Posted on April 17, 2013 by Rabbi Daniel Travis | Series: | Level:


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“Hunger and thirst are considered sickness. If a person can concentrate on tefillah before he eats, then he should do so. Otherwise he may eat before he prays” (Rambam, Tefillah 5,2). If a person is so hungry or thirsty that he cannot concentrate on his tefillah, his eating is for the sake of enabling him to pray. Therefore he is permitted to eat beforehand, and wouldn’t be considered “drawn after his body.” The Rambam implies that a person who is very hungry or thirsty is sick, and should eat before he prays. However, since the times of the Rambam, our level of concentration has dropped considerably. Therefore, it is not clear that the ruling of the Rambam would still apply today (Beis Yosef 89,4). Some authorities maintain that the Rambam’s directive still applies, and someone who will not be able to concentrate at all without first eating, should eat before he prays (Elyah Rabbah 89,10). Most reject this leniency unless a person feels extremely hungry or thirsty (Mishnah Berurah 89:25-26). Each person has to honestly evaluate his personal situation and consult with a rav and, if necessary, a doctor, in order to decide if it is imperative for him to eat before tefillah.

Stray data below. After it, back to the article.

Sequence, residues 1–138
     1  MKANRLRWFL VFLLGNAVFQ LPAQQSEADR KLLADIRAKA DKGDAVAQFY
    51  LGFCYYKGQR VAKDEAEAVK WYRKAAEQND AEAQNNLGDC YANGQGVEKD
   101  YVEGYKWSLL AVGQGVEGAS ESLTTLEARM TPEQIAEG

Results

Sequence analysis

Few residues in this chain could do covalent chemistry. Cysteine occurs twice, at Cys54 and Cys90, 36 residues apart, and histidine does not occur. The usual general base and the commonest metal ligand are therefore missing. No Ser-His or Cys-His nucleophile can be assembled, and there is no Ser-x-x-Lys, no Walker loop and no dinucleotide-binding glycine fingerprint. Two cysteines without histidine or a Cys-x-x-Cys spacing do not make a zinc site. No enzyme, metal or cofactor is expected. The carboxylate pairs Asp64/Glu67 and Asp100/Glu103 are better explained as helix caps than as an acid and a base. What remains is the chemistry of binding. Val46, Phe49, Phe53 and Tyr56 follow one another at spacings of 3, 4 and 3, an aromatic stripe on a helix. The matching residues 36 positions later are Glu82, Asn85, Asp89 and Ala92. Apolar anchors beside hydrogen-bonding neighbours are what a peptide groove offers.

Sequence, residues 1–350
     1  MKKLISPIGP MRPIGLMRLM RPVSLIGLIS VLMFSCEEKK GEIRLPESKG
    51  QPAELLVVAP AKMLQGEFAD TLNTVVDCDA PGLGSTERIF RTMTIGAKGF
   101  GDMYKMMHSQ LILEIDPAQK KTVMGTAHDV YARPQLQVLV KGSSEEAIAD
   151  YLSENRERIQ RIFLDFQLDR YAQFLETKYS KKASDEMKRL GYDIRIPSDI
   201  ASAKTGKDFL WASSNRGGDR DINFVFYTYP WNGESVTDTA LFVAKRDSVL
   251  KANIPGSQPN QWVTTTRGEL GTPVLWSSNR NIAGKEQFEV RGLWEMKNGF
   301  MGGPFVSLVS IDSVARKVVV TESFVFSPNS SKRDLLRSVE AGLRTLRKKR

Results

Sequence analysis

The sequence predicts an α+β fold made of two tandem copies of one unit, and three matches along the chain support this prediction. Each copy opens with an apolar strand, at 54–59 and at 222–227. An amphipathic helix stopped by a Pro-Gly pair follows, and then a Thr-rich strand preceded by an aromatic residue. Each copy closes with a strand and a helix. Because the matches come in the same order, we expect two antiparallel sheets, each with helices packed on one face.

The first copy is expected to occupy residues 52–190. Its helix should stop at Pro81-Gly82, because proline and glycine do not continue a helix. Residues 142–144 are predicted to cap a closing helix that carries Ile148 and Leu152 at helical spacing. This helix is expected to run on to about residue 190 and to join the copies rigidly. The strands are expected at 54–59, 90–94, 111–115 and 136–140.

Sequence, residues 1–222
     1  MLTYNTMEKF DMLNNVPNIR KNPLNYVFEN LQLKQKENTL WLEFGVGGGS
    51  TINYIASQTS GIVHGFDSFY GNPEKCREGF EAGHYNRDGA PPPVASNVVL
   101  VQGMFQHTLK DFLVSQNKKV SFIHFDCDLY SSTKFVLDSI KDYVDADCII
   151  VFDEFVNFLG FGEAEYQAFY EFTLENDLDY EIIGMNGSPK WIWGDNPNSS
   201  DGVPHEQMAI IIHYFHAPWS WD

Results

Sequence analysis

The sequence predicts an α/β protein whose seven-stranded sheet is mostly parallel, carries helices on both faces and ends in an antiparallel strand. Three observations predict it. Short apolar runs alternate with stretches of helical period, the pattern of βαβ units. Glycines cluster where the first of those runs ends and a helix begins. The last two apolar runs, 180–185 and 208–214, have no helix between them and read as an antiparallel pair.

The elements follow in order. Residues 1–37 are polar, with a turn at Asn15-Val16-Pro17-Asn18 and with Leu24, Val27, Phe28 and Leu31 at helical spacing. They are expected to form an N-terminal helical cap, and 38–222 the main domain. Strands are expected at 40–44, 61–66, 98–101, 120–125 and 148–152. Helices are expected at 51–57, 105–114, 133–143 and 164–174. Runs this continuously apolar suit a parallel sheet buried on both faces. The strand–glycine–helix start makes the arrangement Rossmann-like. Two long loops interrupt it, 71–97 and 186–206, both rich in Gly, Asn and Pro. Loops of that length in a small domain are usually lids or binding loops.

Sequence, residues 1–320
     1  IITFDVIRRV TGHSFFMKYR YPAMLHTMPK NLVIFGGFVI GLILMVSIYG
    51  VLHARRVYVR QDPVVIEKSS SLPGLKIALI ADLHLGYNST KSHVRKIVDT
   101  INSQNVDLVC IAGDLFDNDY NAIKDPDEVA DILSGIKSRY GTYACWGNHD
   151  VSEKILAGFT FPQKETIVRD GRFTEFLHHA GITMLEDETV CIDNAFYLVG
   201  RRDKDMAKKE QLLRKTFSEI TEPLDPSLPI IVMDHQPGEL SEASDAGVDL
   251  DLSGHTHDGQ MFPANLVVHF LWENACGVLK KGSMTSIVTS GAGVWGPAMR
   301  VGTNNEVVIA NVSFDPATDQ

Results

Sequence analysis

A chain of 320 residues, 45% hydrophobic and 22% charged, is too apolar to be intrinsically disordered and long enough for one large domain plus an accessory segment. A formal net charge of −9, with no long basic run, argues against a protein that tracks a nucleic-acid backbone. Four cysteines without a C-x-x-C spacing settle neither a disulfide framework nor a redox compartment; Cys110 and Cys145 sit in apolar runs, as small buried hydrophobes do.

Text Copyright © 2013 by Rabbi Daniel Travis and Torah.org